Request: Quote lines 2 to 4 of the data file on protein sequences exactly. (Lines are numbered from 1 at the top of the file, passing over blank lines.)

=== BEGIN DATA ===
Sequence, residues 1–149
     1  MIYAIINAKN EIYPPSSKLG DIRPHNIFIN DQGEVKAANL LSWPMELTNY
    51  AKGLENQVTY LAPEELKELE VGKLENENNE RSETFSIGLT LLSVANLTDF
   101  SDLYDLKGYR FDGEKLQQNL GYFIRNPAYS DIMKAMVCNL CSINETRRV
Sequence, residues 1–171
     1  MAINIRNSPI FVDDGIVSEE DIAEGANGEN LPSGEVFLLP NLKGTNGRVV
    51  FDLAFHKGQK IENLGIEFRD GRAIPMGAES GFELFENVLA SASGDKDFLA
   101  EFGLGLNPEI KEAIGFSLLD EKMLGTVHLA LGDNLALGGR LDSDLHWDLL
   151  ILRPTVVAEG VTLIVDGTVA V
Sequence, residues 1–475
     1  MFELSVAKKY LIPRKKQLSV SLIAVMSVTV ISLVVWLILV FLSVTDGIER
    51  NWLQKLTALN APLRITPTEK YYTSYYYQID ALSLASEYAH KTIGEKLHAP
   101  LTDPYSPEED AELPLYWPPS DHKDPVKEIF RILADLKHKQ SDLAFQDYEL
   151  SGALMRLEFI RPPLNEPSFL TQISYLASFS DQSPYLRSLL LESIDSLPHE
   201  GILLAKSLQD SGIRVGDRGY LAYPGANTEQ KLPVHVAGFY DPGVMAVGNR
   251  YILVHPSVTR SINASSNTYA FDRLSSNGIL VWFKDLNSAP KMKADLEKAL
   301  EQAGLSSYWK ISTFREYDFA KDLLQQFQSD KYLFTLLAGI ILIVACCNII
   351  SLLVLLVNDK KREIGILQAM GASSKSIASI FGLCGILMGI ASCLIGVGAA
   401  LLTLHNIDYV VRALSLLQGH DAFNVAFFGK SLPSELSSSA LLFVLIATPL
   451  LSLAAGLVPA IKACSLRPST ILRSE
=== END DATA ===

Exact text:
     1  MIYAIINAKN EIYPPSSKLG DIRPHNIFIN DQGEVKAANL LSWPMELTNY
    51  AKGLENQVTY LAPEELKELE VGKLENENNE RSETFSIGLT LLSVANLTDF
   101  SDLYDLKGYR FDGEKLQQNL GYFIRNPAYS DIMKAMVCNL CSINETRRV